Video Captioning allows the content of web audio and video to be accessible for those with disabilities. It can also be useful for those who are not fluent in a language in which the audio is presented. Video Captioning is not only essential for people to understand your content, but it’s also required by law.
President Obama signed the 21st Century Communications and Video Accessibility Act (CVAA) into law. All nonexempt full-length video programming delivered using Internet protocol must be provided with closed captions.
How To Add Your Own Video Captions
Each video software program has their own techniques and process for adding captions to video. Here are few examples.
Windows Live Movie Maker
- To add captions to the pictures or videos, select Caption.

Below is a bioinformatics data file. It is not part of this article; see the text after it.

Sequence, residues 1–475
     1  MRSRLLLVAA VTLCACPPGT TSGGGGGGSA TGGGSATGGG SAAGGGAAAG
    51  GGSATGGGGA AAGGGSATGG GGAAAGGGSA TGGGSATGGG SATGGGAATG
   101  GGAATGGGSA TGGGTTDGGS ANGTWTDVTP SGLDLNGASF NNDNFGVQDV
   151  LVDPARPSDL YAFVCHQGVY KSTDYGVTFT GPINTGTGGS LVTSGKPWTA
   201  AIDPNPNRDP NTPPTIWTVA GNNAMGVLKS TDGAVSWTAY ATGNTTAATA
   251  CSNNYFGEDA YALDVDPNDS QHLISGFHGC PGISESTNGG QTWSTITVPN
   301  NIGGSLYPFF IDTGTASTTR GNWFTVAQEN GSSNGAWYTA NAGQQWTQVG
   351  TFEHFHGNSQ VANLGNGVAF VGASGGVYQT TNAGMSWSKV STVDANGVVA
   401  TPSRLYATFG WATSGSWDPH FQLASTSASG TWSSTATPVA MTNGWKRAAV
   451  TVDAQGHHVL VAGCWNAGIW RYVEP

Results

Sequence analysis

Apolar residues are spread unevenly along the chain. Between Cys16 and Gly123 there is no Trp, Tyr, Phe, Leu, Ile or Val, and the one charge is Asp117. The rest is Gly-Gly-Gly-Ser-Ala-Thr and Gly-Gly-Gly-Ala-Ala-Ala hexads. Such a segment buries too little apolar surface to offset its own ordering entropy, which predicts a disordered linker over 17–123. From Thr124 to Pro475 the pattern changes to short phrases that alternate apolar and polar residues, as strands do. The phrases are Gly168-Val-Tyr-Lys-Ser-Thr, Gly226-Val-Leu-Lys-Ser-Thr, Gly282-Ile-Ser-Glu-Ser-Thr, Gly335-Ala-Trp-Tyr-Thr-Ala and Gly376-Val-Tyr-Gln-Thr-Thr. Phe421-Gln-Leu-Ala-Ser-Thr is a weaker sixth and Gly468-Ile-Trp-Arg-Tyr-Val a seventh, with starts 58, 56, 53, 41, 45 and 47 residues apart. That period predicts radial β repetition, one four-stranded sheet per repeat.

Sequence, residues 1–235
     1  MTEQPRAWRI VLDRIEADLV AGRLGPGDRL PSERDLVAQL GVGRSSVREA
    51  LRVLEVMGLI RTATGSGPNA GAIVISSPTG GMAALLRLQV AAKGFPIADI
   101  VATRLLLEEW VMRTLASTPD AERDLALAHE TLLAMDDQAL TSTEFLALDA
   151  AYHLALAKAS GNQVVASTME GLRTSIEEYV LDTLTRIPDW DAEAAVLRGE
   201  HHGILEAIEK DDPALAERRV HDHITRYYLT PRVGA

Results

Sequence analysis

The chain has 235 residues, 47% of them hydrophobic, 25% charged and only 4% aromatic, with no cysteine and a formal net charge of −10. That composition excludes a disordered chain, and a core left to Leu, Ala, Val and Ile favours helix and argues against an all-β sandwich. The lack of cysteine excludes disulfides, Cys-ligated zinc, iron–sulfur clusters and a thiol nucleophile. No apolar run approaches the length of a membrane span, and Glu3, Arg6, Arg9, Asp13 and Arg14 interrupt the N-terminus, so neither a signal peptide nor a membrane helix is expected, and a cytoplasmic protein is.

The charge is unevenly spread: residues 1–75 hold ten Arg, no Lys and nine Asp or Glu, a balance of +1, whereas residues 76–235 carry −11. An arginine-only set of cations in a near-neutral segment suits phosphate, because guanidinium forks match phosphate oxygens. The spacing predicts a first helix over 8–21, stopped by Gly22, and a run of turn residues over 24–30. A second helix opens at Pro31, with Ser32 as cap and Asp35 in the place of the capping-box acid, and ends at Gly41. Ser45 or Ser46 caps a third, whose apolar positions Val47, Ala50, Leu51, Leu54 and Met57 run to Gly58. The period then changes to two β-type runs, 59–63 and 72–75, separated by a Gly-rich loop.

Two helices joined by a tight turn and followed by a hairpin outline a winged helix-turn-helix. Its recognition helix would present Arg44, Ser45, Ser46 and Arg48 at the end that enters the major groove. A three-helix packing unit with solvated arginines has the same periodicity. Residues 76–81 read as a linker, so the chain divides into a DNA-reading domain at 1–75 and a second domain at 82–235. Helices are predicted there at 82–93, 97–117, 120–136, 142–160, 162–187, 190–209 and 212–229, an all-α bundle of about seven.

- Type in what the picture is about or describing what’s happening.
- You can position the caption text wherever you would like but take care not to put it too low or too high so it interferes with the viewing or is too hard to read and watch at the same time.
More Resources On Video Captioning
- Vimeo – How To Add Captions
- iMovie – (Mac Computers Only) – Adding Captions
- Add subtitles and closed captions – YouTube Help